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How to repave Oregon’s busiest freeway: a cool time-lapse video
It’s generally ODOT’s job to keep highways open to travel—especially Oregon’s busiest section of freeway. But when you have to lay 33,500 tons of asphalt to pave 32.5 lane miles of freeway and want to get the best results for the lowest cost, closing the Interstate down for a few weekends may be the best bet.
That was the calculation ODOT made when faced with the need to pave I-84 between I-5 and I-205, and so far the project has been as smooth as the new pavement that has been laid. The project will grind and pave 5.5 miles of Interstate 84 and its ramps between I-5 and I-205, making the drive smoother and quieter and preserving the long-term health of the pavement. The freeway will be paved with two inches of asphalt using 20 percent recycled pavement. The asphalt comes from a portable plant set up in Beaverton for the project. Each hour during construction, 20 trucks haul in the new asphalt and remove the old. Pavement removed from the road will be recycled into later paving projects.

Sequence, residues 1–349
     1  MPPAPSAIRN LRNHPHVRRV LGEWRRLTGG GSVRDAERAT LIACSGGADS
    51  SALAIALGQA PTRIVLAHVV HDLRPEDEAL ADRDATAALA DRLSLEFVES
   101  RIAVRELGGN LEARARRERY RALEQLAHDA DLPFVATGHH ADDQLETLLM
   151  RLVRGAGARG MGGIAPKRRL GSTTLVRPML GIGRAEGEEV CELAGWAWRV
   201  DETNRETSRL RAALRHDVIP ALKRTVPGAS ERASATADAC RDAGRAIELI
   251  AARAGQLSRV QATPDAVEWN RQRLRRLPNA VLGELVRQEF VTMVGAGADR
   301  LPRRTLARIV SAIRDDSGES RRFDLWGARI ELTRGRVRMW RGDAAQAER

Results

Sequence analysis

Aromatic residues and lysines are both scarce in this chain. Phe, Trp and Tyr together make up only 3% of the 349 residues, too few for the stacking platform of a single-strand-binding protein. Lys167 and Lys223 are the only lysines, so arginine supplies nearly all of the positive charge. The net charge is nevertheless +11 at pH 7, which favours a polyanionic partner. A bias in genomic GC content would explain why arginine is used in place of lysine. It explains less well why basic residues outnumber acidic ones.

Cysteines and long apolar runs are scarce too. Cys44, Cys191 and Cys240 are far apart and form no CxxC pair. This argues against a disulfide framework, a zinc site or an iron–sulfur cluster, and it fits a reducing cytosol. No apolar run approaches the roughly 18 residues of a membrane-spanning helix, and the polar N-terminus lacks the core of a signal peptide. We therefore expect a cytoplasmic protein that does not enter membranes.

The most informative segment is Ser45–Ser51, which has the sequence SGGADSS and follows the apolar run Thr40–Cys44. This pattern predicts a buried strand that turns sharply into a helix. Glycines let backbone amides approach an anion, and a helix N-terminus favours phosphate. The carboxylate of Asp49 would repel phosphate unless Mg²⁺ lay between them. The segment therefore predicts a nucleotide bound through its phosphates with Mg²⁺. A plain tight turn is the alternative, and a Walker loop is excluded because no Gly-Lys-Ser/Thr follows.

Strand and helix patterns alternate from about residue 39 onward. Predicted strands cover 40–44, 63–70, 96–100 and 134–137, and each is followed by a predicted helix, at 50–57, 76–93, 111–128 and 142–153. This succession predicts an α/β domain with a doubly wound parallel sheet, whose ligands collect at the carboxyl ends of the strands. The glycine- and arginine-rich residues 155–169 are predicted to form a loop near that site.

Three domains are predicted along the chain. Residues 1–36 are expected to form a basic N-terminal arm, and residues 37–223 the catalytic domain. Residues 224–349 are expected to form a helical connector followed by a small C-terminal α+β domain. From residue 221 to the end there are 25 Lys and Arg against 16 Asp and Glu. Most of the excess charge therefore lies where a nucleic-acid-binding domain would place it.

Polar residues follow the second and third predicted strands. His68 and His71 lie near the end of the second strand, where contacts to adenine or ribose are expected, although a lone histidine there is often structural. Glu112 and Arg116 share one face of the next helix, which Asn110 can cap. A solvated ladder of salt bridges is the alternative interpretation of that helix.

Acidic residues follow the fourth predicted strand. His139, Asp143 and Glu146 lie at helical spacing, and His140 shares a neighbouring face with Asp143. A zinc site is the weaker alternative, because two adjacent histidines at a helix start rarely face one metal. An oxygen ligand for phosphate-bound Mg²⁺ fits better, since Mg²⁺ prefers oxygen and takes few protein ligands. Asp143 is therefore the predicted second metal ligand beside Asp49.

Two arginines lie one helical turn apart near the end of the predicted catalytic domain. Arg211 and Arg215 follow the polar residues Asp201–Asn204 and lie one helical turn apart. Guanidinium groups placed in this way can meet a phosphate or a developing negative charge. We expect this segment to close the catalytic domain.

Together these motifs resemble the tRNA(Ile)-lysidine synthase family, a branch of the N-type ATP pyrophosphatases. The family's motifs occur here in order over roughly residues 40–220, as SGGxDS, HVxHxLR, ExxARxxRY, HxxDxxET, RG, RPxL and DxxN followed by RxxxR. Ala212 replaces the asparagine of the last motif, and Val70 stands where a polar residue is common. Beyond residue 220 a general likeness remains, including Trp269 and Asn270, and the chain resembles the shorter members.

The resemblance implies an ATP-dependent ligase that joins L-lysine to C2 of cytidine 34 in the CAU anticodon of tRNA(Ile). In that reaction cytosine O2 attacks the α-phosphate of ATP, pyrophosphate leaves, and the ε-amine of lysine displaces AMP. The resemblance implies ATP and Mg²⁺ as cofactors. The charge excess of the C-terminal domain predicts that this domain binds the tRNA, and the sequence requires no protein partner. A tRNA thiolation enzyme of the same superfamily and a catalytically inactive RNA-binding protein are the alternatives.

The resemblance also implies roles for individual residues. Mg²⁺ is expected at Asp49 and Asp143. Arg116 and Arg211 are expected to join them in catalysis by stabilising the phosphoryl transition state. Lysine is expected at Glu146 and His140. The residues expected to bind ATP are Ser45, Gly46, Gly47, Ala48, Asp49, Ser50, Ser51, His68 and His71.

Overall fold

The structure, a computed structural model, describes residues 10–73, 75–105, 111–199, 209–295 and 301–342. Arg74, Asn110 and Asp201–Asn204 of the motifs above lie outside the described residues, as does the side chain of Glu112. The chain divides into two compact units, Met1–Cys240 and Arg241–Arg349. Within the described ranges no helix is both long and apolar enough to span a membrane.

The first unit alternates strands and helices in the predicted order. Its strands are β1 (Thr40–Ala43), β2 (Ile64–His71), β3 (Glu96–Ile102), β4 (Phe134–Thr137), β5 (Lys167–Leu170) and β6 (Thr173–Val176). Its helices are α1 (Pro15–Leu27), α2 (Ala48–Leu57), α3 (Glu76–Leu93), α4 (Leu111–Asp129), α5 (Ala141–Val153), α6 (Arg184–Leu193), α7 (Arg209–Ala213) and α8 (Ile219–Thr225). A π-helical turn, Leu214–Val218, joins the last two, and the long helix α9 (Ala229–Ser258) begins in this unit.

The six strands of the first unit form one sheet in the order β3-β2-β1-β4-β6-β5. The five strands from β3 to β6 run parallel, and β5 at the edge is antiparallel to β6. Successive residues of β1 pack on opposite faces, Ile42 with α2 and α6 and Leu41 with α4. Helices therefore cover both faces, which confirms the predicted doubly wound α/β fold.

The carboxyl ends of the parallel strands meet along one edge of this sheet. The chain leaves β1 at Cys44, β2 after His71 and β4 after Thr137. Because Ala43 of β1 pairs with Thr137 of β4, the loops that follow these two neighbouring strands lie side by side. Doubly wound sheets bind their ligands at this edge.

The total cost of the project is about $6 million, which comes from a combination of state and federal sources. Using full weekend closures instead of night closures only will save the state about $1 million. Paving large sections at once produces a smoother result than piecemeal paving. Working nights and opening the road during the day would require 32 nights of dry weather, cause delays and lane closures over an extended time and pose a safety risk to travelers and highway workers.
ODOT produced a short time-lapse video of the first round of paving that shows how the existing pavement was ground out and replaced with new pavement, compressing 55 hours of work into less than one-and-a-half minutes.